• Digital laggards – Many big-box retailers either failed or were too late to establish an online presence. …retailers that don’t adapt quickly enough inevitably fail to compete.
  • Mounting debt – Crippling debt,…has forced many retailers to declare bankruptcy.

One comment by a successful disrupter struck me as important to ponder:

“…disruption [is] a way to innovate and so blatantly change things for the better that you become an industry standard.”

Harry’s co-founder

What can churches and spiritual centers take away from lessons-learned by the Retail Apocalypse?

I’ll start with the digital laggards issue. Churches and centers are mostly aware of this need, and working at various levels on getting up to speed. There must be digital giving enabled, online access to (just about) everything and the general business practices must come into alignment with the rest of the business world. I’ll give churches and centers, across the board, a letter grade of C+ on this.

Next is the issue of money. In the retail space it was crippling debt, while for most churches and centers I suspect the issue is likely that of poor cash flow. Either way, it’s a money problem. Here I think the model of how churches and centers manage their budgets needs to change.

Full-time ministers with benefits and housing payments may need to fall to the pages of history, and multiple part-time ministers may need to be considered. Part time ministers can work another job for benefits and other necessities (like a salary that supports them and their families).

Before anyone gets angry about this, consider that most of the congregants in your pews are working multiple jobs to keep their heads above water, so… yeah. I’ll give churches and centers a B- on this one. It’s higher than the digital issues because some denominations (Methodists for one) have been assigning ministers to multiple churches and the Catholic Church has been combining parishes continually over the past decade or so, seeming to understand this as an option.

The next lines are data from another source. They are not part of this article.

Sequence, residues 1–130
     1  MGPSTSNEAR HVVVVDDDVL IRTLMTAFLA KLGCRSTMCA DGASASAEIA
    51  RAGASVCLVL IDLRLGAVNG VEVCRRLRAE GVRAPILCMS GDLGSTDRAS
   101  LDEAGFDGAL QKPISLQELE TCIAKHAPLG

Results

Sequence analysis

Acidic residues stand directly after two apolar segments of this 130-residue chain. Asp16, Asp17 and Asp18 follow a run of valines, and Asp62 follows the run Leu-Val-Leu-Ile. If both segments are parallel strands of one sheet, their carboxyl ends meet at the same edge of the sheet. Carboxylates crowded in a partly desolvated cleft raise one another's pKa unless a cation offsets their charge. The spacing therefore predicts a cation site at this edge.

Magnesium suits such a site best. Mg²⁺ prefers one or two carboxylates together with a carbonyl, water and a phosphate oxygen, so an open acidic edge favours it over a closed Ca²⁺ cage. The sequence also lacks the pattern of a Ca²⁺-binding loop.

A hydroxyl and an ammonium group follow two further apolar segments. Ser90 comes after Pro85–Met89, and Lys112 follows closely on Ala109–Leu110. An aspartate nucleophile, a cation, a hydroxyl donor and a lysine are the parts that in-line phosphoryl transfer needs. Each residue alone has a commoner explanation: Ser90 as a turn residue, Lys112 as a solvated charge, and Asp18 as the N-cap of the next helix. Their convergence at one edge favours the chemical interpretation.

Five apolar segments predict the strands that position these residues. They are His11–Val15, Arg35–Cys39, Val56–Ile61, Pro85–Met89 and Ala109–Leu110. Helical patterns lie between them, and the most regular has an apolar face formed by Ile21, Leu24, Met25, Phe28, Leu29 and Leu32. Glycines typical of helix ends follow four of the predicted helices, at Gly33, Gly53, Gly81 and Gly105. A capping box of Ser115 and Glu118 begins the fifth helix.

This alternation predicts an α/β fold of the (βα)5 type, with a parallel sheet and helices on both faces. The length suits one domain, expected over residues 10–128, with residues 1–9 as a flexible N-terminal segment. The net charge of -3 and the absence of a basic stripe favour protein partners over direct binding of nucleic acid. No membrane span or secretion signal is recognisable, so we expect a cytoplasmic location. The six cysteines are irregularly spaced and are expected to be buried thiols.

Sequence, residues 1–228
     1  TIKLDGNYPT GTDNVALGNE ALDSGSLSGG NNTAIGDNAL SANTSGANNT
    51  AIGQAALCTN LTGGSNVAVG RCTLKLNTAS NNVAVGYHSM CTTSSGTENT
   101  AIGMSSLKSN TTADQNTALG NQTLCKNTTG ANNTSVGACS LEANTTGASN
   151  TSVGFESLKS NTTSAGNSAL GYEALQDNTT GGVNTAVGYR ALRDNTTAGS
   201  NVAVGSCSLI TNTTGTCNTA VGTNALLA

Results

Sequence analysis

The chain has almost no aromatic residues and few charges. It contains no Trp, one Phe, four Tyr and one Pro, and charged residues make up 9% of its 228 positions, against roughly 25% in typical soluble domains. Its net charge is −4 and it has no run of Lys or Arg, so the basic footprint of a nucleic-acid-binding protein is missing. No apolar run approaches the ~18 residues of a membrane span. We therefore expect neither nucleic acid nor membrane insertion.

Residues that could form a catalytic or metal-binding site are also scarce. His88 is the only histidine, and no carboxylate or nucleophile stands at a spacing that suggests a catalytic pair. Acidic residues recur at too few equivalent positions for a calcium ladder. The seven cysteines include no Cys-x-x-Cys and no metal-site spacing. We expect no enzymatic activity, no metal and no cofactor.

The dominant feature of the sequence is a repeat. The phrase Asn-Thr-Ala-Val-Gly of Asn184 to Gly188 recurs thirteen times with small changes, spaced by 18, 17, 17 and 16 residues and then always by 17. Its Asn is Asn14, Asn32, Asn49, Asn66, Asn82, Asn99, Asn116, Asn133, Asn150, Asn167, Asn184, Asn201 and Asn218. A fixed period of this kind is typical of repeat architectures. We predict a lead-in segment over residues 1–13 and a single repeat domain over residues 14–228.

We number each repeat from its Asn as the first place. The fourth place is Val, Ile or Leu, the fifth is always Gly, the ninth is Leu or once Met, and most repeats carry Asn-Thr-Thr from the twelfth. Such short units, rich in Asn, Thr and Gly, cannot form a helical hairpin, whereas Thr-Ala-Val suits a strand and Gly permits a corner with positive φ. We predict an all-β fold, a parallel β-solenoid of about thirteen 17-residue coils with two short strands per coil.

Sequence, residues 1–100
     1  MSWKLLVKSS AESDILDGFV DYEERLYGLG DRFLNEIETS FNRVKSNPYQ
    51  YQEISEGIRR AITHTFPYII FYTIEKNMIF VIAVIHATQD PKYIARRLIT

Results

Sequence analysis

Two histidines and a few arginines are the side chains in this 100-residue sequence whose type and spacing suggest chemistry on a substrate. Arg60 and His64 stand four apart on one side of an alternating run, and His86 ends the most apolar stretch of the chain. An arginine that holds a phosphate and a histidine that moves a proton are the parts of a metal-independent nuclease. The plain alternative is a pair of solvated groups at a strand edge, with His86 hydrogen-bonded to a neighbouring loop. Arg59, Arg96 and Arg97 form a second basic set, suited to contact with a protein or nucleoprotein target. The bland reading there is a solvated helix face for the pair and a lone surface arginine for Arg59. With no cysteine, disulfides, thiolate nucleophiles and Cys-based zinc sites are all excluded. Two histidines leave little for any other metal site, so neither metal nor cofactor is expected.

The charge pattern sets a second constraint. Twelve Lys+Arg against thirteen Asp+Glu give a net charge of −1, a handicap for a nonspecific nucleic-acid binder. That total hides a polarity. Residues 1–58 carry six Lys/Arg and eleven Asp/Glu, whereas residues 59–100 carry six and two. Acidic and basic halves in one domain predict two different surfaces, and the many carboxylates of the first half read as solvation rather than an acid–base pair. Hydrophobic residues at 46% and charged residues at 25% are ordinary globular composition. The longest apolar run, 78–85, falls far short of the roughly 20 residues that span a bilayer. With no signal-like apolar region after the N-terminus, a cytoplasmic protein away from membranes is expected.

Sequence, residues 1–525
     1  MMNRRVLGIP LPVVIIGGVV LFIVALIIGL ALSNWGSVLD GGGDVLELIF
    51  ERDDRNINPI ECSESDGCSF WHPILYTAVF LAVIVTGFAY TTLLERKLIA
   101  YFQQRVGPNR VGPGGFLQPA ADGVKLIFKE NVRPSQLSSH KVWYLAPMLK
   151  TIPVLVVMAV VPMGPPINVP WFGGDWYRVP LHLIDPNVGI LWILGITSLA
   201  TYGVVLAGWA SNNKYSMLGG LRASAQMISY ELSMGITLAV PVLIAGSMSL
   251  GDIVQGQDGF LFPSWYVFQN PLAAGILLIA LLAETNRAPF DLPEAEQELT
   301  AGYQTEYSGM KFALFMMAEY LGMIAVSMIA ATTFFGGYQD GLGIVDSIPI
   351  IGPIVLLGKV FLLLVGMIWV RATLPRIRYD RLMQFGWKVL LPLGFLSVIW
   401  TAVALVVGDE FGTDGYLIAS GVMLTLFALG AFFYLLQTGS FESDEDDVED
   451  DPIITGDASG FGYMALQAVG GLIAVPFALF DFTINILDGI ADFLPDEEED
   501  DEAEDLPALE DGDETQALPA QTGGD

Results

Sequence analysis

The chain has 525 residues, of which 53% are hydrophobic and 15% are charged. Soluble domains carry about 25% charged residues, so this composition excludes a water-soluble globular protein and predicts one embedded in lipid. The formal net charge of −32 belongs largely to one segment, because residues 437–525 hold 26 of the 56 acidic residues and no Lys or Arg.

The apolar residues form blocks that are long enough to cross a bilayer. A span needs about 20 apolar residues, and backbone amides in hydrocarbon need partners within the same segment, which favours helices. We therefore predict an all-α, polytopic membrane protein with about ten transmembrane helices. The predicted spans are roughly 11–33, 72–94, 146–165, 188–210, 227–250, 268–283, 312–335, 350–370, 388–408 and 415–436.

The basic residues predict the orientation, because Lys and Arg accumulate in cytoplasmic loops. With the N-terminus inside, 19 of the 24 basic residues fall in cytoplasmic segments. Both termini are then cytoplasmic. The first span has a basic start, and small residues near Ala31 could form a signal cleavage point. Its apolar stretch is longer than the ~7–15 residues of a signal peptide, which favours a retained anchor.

The last point that we can consider from the retail apocalypse data is the issue of disruption – also know as innovation.

The problem with innovation in churches and centers is that most belong to organizations that write all the rules. This hierarchical structure type is slow to move and slower still to accept and adopt change. The cynic in me says this is because the people writing and enforcing the rules have the most to lose if things change. Overall I give churches and centers a failing grade here.

The success stories emerging from the Retail Apocalypse show that the businesses that narrowed their focus and stepped way outside of the norms are the ones making news, profits and strong leaps forward.

Churches and centers aren’t looking to make profits, but they are businesses – and need money and customers (congregants) or they won’t be around for very long.

The takeaways from the “winners” among the crash and burn of traditional retail have some common themes:

  • Simplicity (easy access to their products/services)
  • Narrow focus (not trying to be everything to everyone)
  • They connect directly to their target audience, using the tools that audience wants (e.g. eCommerce)
  • They didn’t listen to the “we can’t do that!” chorus (I’m sure Warby Parker founders heard a few of those statements when they wanted to sell prescription eye wear to people online)